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James Whalen was born in Collingwood, Ontario in 1869. In 1875, at the age of six, his family moved to Port Arthur, Ontario. Not long after the Whalen's arrival in Port Arthur, James' father drowned and he was left as the sole provider for his mother and younger siblings.
Once out of public school Whalen entered the logging and railway contracting business with a very strong drive for achievement. He cared deeply for the city of Port Arthur and wished to develop the city as much as possible. The empire which he eventually built included logging, pebble, dredging, shipbuilding, insurance, and real estate companies. For his involvement with the dredging and shipping industries, Whalen came to be known as the man who "put the Port in Port Arthur." One of his great accomplishments was the construction of the Whalen Building in 1913, which still stands today as the Thunder Bay Hydro Building. When it opened in 1914 it was said to be "the finest between Toronto and Winnipeg."
James Whalen married Laurel Conmee, the daughter of James Conmee, Member of Parliament. Together James and Laurel had five children, Hazel, Edward, Jim, Loley, and
During his last years, Whalen moved to the West coast to continue working with the pulp and paper industries. Within a few years he was diagnosed with Bright's Disease, affecting his kidneys. He passed away on June 4, 1929, while being treated in a Duluth, MN hospital. In recognition of this man and his accomplishments, the city of Port Arthur honoured him with a half-day holiday.
- Corporate body
The Thunder Bay Field Naturalists Society was first established on January 26, 1933 as a chapter of the Federation of Ontario Naturalists. The club originally consisted of 32 members, with Colonel Lionel S. Dear as president. After holding several meetings in 1933 the club dissolved, primarily due to the effects of the Great Depression. The Field Naturalists restarted in 1937 with Claude E. Garton as president. By 1939 there were upwards of 50 active members. The Second World War brought most club activities to a halt, as many members were busy with the war effort. The club was once again revived in 1946 by Dr. Howard Quackenbush and Dr. Albert E. Allen, who was president from 1943-46 and from 1951-53. Since then, the club has gained steadily in membership and continues to be active in the Thunder Bay community.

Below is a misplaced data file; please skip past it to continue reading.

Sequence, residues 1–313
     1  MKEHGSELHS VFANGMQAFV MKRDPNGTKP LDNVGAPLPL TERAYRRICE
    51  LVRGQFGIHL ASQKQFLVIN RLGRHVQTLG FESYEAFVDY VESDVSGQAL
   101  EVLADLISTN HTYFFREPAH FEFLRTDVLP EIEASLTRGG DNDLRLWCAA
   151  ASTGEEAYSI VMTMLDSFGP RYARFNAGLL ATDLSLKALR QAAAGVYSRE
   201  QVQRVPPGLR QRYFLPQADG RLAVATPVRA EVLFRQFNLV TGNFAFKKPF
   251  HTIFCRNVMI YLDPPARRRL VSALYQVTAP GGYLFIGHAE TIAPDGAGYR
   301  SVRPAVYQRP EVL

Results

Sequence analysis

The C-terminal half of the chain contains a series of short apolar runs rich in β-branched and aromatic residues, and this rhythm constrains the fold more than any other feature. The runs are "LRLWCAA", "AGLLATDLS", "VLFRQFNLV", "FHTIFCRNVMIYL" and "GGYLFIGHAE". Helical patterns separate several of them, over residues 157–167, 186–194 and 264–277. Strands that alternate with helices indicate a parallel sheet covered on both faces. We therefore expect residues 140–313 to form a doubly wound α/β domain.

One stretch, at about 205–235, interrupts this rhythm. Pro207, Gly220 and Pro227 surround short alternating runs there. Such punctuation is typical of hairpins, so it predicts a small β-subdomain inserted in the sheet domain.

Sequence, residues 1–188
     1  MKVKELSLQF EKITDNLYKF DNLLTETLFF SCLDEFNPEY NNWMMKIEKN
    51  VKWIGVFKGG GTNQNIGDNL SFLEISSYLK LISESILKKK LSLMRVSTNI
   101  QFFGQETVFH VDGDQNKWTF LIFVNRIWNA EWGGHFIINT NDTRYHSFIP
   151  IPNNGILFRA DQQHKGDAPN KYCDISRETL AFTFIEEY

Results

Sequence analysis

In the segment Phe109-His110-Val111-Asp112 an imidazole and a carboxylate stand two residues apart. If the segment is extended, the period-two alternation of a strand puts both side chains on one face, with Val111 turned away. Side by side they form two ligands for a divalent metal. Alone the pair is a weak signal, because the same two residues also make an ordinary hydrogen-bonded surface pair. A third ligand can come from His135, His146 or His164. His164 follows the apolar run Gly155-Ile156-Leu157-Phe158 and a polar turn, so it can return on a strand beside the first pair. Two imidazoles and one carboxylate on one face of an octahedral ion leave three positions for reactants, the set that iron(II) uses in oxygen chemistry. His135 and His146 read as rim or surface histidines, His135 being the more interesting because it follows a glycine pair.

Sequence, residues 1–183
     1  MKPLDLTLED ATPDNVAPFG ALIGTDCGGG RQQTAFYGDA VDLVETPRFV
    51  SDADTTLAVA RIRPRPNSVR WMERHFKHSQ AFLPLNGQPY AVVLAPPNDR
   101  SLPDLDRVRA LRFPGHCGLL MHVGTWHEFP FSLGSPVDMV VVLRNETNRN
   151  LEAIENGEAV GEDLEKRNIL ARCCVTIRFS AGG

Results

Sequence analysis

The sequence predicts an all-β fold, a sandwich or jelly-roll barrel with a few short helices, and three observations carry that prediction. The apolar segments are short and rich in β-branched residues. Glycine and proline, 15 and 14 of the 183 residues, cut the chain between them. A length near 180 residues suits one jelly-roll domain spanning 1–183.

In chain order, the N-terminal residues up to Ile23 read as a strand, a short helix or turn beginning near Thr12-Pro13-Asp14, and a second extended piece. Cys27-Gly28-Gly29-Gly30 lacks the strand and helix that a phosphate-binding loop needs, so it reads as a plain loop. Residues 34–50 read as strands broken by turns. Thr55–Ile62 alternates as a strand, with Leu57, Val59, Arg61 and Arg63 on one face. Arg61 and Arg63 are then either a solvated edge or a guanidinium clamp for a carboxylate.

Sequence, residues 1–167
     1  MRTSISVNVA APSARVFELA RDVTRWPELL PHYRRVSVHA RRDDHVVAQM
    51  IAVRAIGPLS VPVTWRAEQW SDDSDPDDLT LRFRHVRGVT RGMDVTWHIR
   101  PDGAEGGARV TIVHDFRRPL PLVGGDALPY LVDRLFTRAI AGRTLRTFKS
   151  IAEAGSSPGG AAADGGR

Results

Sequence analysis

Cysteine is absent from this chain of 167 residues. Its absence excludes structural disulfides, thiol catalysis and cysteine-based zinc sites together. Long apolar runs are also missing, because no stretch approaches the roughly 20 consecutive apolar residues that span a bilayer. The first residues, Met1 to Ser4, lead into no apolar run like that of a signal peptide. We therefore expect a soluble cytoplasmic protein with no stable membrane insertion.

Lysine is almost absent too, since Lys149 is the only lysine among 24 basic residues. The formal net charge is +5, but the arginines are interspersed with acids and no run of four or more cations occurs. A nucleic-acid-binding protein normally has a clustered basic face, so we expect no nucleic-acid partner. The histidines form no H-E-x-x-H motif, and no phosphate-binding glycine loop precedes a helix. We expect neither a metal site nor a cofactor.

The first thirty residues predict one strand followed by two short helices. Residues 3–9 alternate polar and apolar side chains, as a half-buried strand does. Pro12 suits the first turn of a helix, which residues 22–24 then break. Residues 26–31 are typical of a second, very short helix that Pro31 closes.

The Thunder Bay Field Naturalists originally formed to promote the sharing of knowledge about natural history topics among its members. At first, the club concentrated on the specific interests of individual members on certain plants, birds, fish, rocks, etc, but as time progressed they began to focus more upon larger environmental issues. The current goals of the Field Naturalists are to: acquire, record, and disseminate knowledge of natural history; to promote the wise use of natural resources; to stimulate public interest in nature and its protection; and to promote the preservation of natural areas. Throughout their history the Field Naturalists have engaged in many activities to meet these goals. They have regularly held field trips to various parks in the region. Members have lectured on natural history topics. They have brought in guest speakers at their meetings from the Lakehead University Biology department, the Thunder Bay region, and other individuals from outside the region. The club has also actively supported conservation activities to protect wildlife, including supporting a ban on the harmful chemical DDT. They have participated in discussions on the management of provincial parks, Ontario Hydro projects, and other environmental concerns.